The Ministry of Fisheries and Aquatic Resources recently awarded a contract to dredge the fishery harbour in Panadura. The project came under the Ceylon Fishery Harbours Corporation (CFHC). Following an agreement with the CFHC, the company began dredging operations. Minister Rajitha Senaratne says the dredged sand is of no use to the construction industry because of [...]


Something fishy in this huge sand deal


The Ministry of Fisheries and Aquatic Resources recently awarded a contract to dredge the fishery harbour in Panadura. The project came under the Ceylon Fishery Harbours Corporation (CFHC). Following an agreement with the CFHC, the company began dredging operations.

Minister Rajitha Senaratne says the dredged sand is of no use to the construction industry because of the high salinity content. He also says that the sand piled along the coast is getting washed away into the sea. He has also complained to his colleagues of another problem — the CFHC is finding it difficult to pay the company contracted for the dredging operations.
To overcome the situation, he has come up with an interesting solution. He has sought approval from the Government to allow the dredging company to sell the sand to the Maldives and recover funds due to it. He has said that the firm in question has already received orders to export 50,000 cubes of dredged sand.

It is to be exported from time to time on a shipment-by-shipment basis at the rate of US$ 18.5 (around Rs 2,442) per cube. Minister Senaratne wants the company in question to be exempted from the Cess Tax.

He has, however, not explained how much is owed to the private company from the CFHC nor given details of how it will receive the funds. One CFHC source said yesterday the deal, which lacked transparency, would entail the firm receiving the funds direct since it had put through the export deal.

One construction industry source, however, said that the sand could easily have been used to cover newly tarred surfaces with so much of road improvement work going on. The source claimed, “if the Government accepts the principle that a firm given a contract can do business outside the country to recover monies due, it would only set a precedent for others to follow.”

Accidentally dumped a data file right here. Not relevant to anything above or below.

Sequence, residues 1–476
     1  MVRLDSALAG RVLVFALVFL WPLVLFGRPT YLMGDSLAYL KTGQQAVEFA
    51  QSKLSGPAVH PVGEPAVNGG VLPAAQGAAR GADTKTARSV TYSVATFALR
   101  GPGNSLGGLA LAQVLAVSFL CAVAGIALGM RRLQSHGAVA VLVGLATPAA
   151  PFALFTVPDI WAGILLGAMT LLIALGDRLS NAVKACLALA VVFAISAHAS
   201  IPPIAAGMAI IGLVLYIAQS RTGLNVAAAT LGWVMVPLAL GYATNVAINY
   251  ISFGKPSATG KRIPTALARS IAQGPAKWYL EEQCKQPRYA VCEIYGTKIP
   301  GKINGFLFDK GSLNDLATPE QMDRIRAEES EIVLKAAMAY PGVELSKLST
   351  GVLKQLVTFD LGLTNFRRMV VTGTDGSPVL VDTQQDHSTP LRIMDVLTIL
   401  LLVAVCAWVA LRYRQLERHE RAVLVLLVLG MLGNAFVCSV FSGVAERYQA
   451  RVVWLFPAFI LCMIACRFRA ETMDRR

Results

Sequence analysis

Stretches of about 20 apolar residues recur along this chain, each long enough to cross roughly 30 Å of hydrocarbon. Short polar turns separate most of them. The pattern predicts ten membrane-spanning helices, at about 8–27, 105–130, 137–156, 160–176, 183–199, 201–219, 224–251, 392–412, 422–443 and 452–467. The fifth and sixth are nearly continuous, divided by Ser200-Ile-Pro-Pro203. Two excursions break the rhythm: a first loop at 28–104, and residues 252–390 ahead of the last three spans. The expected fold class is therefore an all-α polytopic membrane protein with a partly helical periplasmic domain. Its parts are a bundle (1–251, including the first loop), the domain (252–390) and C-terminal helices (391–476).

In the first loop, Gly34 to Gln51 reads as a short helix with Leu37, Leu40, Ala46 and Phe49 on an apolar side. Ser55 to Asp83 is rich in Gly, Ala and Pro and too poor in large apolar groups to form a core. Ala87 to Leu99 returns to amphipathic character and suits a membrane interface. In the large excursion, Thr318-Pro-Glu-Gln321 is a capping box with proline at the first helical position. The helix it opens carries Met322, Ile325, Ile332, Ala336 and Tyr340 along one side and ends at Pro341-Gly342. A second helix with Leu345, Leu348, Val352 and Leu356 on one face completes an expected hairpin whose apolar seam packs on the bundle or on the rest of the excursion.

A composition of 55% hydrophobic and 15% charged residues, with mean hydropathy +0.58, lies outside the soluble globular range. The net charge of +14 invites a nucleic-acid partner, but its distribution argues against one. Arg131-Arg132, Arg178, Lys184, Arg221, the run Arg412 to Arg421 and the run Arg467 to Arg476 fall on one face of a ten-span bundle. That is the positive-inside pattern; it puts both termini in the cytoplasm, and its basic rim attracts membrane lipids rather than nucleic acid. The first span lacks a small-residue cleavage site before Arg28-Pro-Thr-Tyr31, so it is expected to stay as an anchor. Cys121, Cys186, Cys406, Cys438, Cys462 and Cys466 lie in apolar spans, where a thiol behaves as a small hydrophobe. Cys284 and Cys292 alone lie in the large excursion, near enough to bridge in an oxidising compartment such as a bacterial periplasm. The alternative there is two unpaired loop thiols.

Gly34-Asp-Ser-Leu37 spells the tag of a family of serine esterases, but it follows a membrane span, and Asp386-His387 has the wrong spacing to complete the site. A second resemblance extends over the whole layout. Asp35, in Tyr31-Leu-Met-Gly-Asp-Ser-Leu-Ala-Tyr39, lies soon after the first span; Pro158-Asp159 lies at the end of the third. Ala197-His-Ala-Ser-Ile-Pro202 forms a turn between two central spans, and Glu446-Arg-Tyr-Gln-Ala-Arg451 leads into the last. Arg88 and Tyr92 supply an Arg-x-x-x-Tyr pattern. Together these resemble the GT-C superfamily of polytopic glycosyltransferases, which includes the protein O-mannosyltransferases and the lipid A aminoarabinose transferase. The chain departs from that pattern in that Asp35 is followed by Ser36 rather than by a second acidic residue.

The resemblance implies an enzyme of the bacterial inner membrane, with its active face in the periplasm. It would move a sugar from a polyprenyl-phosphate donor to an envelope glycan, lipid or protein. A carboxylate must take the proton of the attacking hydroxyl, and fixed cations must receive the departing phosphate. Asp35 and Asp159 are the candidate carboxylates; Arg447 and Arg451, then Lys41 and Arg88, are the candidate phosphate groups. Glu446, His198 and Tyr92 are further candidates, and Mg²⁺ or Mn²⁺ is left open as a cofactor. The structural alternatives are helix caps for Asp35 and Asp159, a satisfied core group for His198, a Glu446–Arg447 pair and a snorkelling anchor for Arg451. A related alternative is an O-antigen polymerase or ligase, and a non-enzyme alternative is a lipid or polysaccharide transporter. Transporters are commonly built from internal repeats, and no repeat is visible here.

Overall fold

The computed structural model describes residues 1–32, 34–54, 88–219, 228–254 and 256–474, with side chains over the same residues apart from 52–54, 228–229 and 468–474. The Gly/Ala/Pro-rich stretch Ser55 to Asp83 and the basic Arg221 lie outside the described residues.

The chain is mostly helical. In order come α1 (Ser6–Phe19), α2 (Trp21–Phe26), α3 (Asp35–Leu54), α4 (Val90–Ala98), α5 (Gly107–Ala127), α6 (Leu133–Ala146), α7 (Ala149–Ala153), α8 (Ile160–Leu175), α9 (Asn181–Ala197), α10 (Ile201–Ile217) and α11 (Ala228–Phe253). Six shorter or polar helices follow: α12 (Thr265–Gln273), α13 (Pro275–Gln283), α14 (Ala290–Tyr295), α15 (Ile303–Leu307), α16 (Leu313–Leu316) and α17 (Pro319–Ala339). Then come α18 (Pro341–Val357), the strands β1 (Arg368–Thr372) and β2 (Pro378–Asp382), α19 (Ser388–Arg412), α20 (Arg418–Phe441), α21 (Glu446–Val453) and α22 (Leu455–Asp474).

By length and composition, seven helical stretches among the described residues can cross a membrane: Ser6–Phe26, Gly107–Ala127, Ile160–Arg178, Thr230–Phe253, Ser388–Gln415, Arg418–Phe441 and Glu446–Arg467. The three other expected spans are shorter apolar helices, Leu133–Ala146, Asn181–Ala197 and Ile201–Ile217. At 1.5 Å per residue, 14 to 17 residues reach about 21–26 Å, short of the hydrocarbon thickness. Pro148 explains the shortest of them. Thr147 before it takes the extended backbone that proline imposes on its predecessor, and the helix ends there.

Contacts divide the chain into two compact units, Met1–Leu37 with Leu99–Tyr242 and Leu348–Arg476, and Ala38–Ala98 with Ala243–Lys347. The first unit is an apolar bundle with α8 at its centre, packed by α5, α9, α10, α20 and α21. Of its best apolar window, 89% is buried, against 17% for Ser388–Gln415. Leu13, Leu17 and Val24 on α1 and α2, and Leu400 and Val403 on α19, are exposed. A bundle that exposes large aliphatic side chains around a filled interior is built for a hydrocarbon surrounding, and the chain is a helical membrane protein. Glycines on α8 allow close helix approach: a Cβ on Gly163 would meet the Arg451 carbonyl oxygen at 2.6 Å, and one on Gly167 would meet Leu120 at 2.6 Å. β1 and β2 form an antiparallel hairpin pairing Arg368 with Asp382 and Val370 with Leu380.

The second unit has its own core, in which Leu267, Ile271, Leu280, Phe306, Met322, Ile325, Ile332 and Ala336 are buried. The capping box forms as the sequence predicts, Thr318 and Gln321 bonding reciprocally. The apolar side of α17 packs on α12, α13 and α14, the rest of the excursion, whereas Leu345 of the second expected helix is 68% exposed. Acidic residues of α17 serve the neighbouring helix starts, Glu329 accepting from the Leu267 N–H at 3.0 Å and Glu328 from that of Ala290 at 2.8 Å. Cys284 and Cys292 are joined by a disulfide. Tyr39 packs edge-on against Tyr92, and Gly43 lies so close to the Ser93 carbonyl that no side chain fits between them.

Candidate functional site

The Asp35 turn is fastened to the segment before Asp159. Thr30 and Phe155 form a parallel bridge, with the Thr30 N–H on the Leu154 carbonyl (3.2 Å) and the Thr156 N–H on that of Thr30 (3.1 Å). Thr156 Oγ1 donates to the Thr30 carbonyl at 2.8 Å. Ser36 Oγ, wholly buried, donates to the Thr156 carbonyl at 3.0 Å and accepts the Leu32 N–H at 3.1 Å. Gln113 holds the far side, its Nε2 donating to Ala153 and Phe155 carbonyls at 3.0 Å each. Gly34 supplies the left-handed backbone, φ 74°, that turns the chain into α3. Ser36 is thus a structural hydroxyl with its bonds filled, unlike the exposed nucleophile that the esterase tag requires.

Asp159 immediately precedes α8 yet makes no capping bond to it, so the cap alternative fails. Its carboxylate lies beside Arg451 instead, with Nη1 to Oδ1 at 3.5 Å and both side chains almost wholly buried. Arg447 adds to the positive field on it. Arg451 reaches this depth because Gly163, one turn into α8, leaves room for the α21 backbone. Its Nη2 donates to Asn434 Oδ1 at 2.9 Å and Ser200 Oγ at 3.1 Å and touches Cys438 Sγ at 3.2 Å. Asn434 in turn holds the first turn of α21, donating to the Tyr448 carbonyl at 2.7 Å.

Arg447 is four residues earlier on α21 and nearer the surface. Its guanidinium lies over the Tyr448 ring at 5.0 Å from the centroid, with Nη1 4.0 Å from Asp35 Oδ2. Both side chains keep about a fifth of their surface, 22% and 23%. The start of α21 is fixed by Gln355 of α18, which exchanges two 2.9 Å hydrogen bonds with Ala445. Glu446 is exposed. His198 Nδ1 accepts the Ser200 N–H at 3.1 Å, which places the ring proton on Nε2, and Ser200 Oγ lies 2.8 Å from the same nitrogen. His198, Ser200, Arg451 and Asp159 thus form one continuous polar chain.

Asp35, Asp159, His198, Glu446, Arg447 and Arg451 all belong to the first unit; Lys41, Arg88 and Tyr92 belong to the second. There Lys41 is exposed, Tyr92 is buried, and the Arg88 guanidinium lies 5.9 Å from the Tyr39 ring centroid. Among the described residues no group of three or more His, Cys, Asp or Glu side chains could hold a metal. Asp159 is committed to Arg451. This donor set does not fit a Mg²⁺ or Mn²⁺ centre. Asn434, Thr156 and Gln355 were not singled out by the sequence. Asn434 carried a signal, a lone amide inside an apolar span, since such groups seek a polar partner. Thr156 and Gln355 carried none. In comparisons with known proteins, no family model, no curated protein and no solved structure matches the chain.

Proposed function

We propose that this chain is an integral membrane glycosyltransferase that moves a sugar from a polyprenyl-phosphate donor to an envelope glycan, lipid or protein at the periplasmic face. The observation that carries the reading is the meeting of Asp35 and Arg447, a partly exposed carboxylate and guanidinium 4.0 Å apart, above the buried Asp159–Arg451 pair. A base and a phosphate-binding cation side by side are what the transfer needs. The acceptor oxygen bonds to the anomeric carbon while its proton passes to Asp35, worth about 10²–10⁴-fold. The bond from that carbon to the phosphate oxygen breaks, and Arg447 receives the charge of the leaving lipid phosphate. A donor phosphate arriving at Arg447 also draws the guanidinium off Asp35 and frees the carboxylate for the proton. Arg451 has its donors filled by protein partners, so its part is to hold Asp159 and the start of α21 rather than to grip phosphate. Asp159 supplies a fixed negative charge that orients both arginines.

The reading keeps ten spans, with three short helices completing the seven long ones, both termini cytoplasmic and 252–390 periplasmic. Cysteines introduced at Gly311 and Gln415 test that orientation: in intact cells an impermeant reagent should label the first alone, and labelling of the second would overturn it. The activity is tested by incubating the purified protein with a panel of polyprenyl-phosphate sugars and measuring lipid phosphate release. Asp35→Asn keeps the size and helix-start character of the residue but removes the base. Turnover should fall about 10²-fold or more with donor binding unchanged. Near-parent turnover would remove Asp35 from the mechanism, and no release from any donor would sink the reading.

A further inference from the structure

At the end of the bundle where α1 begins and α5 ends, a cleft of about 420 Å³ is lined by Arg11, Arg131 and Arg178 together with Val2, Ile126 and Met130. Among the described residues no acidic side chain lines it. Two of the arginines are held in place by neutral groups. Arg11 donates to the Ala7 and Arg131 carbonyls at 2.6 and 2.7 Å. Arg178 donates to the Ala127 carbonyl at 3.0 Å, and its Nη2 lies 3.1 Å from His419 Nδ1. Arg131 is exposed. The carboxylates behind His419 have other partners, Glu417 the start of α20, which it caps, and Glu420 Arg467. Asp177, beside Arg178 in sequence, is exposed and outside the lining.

But who cares!! The more the merrier!!

Maga gets massive project

Maga Engineering (Private) Limited, a leading Colombo Engineering firm, has won a multi-million rupee contract to resurface and improve the road surface from the Kelanitissa Power Station to the Kanatte Cemetery roundabout. The move is to ensure easy passage from areas in south Colombo to the newly built Katunayake Airport expressway. The distance involved is 4.8 kilometres.

More salt needed for Jaffna’s desalination project

The Government has abandoned a proposal to establish a Sea Water Desalination Water Treatment Plant for Karainagar inJaffna. The recommendation for such a project was made by Water Supply and Drainage Minister Dinesh Gunawardena.
Instead, it has now been decided that work relating to the Jaffna-Kilinochchi water supply project should be proceeded with. This project involves tapping water from the Iranamadu irrigation tank.

It has also been decided that the Water Supply and Drainage Board should conduct a study on the desalination of sea water to be used for drinking purposes. It has been asked to forward its report to the Minister within three months. Among matters to be considered are environmental factors and financial viability.